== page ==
Performance was the reason I wanted to try out C#/.NET 4.6.2 and newer which also is much easier to work with than Qt. Performance is different in the later as it starts using all cores on a CPU. What trouble me with both solutions is however the effort it takes to make dark themes. I ended up using a minimum of time to write a drawing engine and a lot of time fiddling with user controls.

QML is not better as you basically need to do the same job, but as I learn QML I also see that it get easier. On QML I might actually struggle with what was easy in Qt/C# – the drawing engine, but let’s see. One step at the time.


I did an attempt of using the 2D raster engine in Qt and while the graphical result was stunning I had to face the fact that performance was not. I moved back to C#/.NET because performance there was better after .NET 4.6.2. With C# I can do 10 x line plots at 40ich frames per sec containing ca 10000 points each.

But, as I recently had to work with and learn QML I also see a different path forward. The latest versions of Qt have started introducing high dpi support as well as dark themes. Working with QML is not straight forward as you get far too little out of the box and doc on how to make things right are difficult to find. But, what I observe is that it performs well on high density graphics using a combination of GPU and CPU. It seems to be worth the hazle of learning it well.

These bars are just an example. The component is called Gauge and looks differently out of the box, but was rather easy to customize. I have done far more fancy things in Qt and C#, but Qt/QML looks very promising.

One very important feature is that a lot of animation and effects are done in GPU, meaning that your CPU is not overrun. And maybe the most important of all – QML promise a path from Desktop to Web, Tablet’s – Smart Phones. I have yet to test the later and QML is not as quick to get started with as others. I will also state that I don’t know QML sufficiently to review it properly yet, but stay tuned – this looks promising so far.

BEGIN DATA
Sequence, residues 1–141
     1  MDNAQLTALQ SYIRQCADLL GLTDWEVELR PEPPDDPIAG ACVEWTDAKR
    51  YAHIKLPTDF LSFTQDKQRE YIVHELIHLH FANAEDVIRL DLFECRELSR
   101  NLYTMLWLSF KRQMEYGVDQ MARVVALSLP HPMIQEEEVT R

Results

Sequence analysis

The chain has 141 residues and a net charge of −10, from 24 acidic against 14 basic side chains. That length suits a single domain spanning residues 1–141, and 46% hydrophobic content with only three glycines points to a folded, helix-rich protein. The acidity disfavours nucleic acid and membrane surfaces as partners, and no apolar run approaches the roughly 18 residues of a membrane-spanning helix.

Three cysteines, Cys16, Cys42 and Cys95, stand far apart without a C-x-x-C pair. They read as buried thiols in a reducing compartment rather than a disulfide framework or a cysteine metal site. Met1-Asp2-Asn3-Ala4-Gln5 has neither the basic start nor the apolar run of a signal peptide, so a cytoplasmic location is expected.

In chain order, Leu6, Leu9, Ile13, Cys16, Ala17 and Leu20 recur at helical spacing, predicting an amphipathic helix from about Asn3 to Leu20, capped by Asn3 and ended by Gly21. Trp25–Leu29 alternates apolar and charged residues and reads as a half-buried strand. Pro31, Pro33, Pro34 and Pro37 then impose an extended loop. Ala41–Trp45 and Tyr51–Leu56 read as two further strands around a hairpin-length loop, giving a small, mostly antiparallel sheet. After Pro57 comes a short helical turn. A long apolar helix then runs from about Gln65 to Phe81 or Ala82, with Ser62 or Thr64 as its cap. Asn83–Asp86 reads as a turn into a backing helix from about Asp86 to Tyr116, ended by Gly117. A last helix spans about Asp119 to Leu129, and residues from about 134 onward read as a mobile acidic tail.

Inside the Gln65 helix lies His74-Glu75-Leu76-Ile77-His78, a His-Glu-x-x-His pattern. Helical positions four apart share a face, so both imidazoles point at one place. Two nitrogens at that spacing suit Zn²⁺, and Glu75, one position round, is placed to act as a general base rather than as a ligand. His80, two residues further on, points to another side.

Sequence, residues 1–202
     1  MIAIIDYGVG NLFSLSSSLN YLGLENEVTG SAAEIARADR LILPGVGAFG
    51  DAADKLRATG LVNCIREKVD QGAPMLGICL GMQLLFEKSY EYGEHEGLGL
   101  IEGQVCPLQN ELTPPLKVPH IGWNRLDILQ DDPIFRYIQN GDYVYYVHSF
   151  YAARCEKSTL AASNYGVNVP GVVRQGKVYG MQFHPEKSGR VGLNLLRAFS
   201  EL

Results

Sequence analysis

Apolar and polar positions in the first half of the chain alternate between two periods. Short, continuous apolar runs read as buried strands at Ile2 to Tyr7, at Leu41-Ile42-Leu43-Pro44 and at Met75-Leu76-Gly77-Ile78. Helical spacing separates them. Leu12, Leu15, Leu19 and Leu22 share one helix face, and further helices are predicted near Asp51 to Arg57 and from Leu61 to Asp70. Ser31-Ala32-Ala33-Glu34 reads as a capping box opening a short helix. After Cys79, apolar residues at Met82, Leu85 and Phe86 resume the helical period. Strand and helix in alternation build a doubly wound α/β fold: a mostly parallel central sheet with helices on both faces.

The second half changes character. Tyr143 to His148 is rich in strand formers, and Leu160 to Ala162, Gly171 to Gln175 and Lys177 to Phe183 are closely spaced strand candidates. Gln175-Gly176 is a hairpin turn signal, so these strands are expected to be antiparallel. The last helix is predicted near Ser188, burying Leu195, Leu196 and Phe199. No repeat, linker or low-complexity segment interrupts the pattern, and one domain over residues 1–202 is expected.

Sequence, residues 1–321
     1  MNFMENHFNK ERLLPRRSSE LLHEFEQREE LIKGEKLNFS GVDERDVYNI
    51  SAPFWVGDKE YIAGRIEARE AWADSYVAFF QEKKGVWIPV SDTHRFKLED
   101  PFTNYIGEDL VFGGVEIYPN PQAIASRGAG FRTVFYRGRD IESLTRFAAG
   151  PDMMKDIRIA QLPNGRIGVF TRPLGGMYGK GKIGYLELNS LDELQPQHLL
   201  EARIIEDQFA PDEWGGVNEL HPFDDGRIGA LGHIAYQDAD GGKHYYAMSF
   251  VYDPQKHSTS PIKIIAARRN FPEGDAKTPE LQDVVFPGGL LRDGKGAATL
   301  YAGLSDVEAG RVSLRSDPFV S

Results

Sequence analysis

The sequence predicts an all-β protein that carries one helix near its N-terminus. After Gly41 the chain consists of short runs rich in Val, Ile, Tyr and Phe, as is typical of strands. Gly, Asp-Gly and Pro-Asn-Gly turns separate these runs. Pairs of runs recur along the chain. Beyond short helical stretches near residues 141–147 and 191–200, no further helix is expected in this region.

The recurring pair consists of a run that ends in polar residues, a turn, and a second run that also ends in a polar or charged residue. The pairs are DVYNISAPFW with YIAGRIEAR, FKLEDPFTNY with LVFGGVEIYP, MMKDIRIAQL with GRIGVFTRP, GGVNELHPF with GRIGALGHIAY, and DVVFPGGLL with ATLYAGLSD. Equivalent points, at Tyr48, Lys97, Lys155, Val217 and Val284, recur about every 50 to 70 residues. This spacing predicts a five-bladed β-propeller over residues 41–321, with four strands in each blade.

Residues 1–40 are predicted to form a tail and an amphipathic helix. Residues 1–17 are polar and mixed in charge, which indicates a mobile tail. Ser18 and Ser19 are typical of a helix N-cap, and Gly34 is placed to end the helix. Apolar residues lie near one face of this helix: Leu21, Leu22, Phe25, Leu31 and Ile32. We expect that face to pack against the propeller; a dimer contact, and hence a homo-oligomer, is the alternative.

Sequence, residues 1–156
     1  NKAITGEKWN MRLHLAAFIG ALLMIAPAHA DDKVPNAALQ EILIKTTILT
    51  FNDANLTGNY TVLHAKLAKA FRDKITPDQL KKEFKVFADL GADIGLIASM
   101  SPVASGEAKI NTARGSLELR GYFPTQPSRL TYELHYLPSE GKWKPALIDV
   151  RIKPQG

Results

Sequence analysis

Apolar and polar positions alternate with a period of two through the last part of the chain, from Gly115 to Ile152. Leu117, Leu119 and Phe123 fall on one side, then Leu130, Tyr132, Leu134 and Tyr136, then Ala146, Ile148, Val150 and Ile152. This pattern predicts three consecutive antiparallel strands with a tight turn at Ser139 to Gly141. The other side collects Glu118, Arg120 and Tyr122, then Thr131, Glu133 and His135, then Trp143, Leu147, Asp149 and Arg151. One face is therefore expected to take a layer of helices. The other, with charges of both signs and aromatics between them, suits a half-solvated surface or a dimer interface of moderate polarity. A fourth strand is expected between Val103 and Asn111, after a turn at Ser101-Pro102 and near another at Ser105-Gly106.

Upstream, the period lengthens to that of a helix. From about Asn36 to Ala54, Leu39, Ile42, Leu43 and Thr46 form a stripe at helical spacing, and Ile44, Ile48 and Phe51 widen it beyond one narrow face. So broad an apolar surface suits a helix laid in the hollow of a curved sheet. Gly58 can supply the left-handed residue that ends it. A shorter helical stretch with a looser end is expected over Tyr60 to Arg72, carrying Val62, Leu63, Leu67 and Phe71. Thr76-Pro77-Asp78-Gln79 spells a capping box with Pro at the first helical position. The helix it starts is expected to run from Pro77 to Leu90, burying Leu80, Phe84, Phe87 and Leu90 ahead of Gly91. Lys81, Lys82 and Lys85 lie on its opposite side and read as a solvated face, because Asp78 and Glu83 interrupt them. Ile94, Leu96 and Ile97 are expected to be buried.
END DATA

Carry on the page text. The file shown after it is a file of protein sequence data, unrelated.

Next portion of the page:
Modular Control System

One of the key features on the boards are that they assemble to a larger control system by just clicking them together. I have around 12 different boards by now and will start adding new boards and variants as I convert all my electronics from Target 3001 to KiCAD. These two board have 5V, Device Bus and CAN on the backbone. Device Bus is designed for higher speed data transfer and communication with Raspberry PI, while CAN is the primary control system.

My preference for CAN is due to its arbitration allowing a no-config device to device communication that in theory can stretch over several kilometers. My CAN loops are high speed and very short. CAN is also excellent for automotive vehicles like the one I am working on now.

One of the returning discussion I have is that these boards was designed as Raspberry PI Hat’s and use that form factor and pin layout on the backbone bus. The fact is that I so far had little usage for Raspberry PI. This is more a statement of how capable these MCU’s are + what they can achieve together.